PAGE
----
St. Louis Post-Dispatch from St. Louis, Missouri on August 31, 2001 · Page 9
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St. Louis Post-Dispatch from St. Louis, Missouri · Page 9

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St. Louis, Missouri
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Friday, August 31, 2001
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Page 9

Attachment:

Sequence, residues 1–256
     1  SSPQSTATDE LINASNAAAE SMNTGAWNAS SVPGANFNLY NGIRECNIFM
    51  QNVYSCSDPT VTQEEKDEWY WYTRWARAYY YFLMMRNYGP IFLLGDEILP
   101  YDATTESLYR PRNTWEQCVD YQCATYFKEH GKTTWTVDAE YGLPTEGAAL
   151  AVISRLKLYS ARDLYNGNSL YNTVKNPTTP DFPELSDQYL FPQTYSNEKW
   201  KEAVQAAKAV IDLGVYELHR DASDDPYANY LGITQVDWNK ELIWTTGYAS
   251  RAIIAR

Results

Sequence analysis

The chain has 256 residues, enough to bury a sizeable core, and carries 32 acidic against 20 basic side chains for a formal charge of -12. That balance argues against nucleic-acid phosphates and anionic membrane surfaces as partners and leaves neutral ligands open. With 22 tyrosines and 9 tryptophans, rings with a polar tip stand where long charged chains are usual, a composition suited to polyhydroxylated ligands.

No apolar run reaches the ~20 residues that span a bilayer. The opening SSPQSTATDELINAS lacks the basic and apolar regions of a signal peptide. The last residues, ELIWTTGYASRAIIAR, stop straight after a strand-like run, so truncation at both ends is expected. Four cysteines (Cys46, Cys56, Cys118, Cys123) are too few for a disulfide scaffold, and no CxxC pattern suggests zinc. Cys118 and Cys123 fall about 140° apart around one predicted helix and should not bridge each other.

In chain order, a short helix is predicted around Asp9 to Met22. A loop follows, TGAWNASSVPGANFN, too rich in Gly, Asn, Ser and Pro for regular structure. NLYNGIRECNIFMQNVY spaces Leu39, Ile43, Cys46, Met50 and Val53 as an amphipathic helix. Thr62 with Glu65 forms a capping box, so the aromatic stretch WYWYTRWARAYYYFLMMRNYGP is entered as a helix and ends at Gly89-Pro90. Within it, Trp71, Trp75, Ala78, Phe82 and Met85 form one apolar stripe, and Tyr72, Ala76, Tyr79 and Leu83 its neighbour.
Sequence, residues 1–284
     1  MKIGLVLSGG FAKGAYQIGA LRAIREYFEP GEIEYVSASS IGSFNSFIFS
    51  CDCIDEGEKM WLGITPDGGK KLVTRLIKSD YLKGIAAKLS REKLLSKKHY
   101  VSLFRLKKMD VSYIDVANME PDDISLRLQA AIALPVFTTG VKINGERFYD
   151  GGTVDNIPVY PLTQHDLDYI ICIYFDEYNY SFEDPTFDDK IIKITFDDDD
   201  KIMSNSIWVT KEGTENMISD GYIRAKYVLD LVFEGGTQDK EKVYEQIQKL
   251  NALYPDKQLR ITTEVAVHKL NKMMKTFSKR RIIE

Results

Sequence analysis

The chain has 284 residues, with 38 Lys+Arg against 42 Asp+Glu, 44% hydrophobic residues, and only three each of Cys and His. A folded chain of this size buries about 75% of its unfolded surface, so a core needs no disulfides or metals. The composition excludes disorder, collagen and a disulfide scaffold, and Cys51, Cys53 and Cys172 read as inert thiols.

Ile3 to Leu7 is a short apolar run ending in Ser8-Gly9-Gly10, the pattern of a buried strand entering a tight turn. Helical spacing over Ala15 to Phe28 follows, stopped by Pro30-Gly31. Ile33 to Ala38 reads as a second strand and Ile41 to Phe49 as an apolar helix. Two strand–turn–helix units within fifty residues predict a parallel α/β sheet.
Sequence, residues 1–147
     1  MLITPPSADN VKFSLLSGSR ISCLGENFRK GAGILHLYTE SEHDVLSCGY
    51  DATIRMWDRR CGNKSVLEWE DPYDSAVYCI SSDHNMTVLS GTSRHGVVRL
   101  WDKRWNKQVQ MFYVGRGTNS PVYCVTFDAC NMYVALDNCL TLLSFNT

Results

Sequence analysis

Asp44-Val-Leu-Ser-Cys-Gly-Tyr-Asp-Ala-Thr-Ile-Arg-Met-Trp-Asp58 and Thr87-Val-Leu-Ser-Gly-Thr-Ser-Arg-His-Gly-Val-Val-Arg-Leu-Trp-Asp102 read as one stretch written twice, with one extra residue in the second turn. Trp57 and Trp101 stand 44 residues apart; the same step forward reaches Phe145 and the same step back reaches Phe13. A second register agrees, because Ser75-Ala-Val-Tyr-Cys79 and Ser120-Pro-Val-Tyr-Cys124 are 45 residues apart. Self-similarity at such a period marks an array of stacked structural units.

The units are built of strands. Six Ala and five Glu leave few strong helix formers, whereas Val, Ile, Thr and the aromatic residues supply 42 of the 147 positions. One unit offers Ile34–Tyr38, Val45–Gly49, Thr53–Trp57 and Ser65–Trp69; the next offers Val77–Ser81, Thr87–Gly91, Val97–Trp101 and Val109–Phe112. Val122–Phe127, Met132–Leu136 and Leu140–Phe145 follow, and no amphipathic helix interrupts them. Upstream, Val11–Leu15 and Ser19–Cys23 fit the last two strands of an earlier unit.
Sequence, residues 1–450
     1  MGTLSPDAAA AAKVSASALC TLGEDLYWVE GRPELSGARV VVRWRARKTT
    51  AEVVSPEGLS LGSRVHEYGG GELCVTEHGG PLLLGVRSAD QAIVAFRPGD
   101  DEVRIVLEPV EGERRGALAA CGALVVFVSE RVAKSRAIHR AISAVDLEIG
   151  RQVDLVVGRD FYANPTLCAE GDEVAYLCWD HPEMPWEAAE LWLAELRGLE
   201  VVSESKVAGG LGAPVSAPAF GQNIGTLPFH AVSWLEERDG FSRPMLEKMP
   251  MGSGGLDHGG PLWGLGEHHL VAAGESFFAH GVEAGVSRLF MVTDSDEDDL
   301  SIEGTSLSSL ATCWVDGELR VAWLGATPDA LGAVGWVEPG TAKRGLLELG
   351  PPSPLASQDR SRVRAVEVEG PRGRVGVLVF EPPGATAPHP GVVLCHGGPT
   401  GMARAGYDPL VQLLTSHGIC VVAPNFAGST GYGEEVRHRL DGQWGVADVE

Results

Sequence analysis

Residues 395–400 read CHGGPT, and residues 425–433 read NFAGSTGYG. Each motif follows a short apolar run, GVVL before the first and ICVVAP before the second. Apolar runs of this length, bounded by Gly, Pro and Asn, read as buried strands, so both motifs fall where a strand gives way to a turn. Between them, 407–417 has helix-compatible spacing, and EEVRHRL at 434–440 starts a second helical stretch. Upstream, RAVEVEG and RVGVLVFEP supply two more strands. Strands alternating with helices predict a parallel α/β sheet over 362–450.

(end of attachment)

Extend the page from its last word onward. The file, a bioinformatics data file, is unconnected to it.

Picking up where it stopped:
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H9 " ST. LOUIS POST-DISPATCH ntHS FRIDAY, AUGUSI 31, AJU1 Bankrupt lottery winner goes from riches to rags Continued from Al St, Louis Centre adopted Korean children. She also contributed heavily to her church, according to several Korean-Americans here. And when a pastor at a local Korean church died unexpectedly, she gave $30,000 to his family. She also paid for the funeral expenses, Kay-Song Lee said. In 1999, Lee was president of St. Louis' Korean American Association and bought a house in North County to use as a private club for the group. She never completed the renovations by the time her one-year term was up, and she eventually sold the house, according to Kay-Song Lee. Sold right to winnings It is unclear when Lee's finances took a tailspin, but several factors could have led to her bankruptcy. She incurred a $750,000 penalty for prepaying a loan; the amount is currently in dispute. Details of when and what she prepaid are unclear. Lee also sold the right to her winnings for a lump sum, which she did not disclose. But court filings show that she collected nearly $5 million from lottery winnings in the last two years. It was used to pay off debt and mortgages, the filings said. An investment in a restaurant, the Bombay Bicycle Club in Ha-zelwood, also turned sour. She had put money into the property on the suggestion of a person who acted as an adviser, said Stanton, Lee's attorney. "It was a bad investment," Stanton said. Lee sold the property in September of last year. Gambling and credit card debt also cost her a bundle. Last year alone, Lee lost nearly $347,000 at several casinos in the St. Louis area, according to court filings. She racked up about $37,000 charged to several credit cards. This February, she took a second loan from Royal Banks of Missouri, for $200,000, according to court documents; she borrowed - $1.4 million from the bank in 1997. But she also leased a 2000 Mercedes Benz E-class auto in April, handing over $800 in her first payment. She then missed her bank loan payments in May and her car payments in June. Lee filed for Chapter 7 bankruptcy a month later. Jo Mannies of the Post-Dispatch staff contributed information for this story. Reporter Chern Yeh Kwok: E-mail: cykwokpost-dispatch.com Phone: 314-340-8206 Cash aplenty to Democrats Her generosity wasn't limited to Washington University. Lee skyrocketed into political prominence in 1997, when she sought to be the luncheon chair- woman for a local fund-raising event for President Bill Clinton. She backed up that request with campaign checks for $100,000 to the Democratic National Committee. Lee sat next to Clinton at that luncheon. Her generosity soon touched off a stampede among prominent Missouri Democrats seeking campaign donations. All told, she donated $277,000 to various candidates over the next three years. That included $2,000 to Hillary Clinton's successful New York bid for the U.S. Senate last year. The largest chunk $84,000 went to Rep. Richard A. Gephardt's various campaign committees. Another $10,000 went to various committees tied to Attorney General Jay Nixon's unsuccessful 1998 bid for the U.S. Senate. At Nixon's November 1997 fund-raiser, Lee sat next to Clinton again. In October 1998, she sat next to Vice President Al Gore when he held a fund-raising dinner here. Area Democratic activists said they were introduced to Lee through Clinton's campaign aides. Other than her money, none of those activists claimed to know much about her. In 1997, Lee ranked 31st on a list of the top soft money donors to the Democratic National Party Committee, according to Common Cause, a citizens lobbying organization. That put her a. notch below the Boeing Co. In 1998, she was ranked in the top three of individual political donors in Missouri for that year. Between these events, Lee attended a state dinner at the White House for South Korean President Kim Dae-Jung. Accompanying Lee was her stepdaughter, who now practices law in Chicago. Aiding the poor, church The St. Louis community also benefited from her generosity, and Lee maintained a high profile among Korean-Americans in St. Louis. She held lunches for the homeless in Forest Park, said Kay-Song Lee. She supported a local association for families that 1 Ik II 40.00 m 75 10.00 (EXTRA p final. Sorry, no mail or phone Intermediate markdowns may have Alterations not available. OFF OFF) All sales are Dillard's, Visa, MasterCard, American Express, SHOP TODAY 10:30 A.M. 6 orders. been taken. i 4.00 40 For Your Convenience We Accept Your i v . ri I SfrRfo m On that day eight years ago, Lee's cousin drove her to the Route 3 Gift Shop and Lottery in Sauget, just across the Missouri-Illinois state line, to buy only her second ticket for the Illinois Lottery. Lee, then 52, found out the next day that she had won $18 million. ' She took her winnings in 20 annual installments of $620,000, after taxes. She soon bought a house in a gated neighborhood in Town and Country, paying $1.2 million. Among her dreams was to build a nondenominational church in the St Louis area, she told the Post-Dispatch in 1993. Giving to Washington U. Across from the entrance to Washington University's School of Law library hangs a painting of Janite Lee dressed in a white hanbok, a traditional Korean dress. To the right is the Janite Lee Reading Room, which the university describes as built in the style of the English Inns of Court. Mahogany beams line the ceiling, pnd shelves are stacked with tomes of reference material. "The perfect place for quiet study and Contemplation," the university Roasts on its Web site. i. Washington University declined to say how much or when ILee donated to the law school. JCay-Song Lee said Lee told him jshe donated $1.5 million. ! The donations to the university ididnt end there. In 1999, Lee, who had a stepdaughter who graduated from Washington University, made the Parents' Honor iRoll as a Life Eliot Benefactor. To jattain this title, Lee would have Contributed $500,000 to $1 million. ! "Janite Lee has been a very Supportive member of our community," said Joel Seligman, dean Jof Washington University's School of Law, in a statement. !"We are proud that her daughter is a graduate of the school, and Jier expressions of appreciation Jreflect well upon her and the school." i i 149.99 Dual-band Sprint PCS' phone by Samsung 2.5-hour talk time & 60-hour standby Wireless WetTcapability SCH-3500 7732417 I: V r i For Your SAINT LOUIS ill t a ft I -i 3 r,iiP n f end liase & a C Discover, Carte Blanche, Or Diner's Club Card. P.M. ts & f n"i rebate card receivi print mail-in & $50 Dillard's gift . o si .Stylish Compact? - lots ot SM "co wi . 1 w j "-S0ft.'.ji"-w" Sprint, Sprint PCS The Clear Alternative to Cellular. 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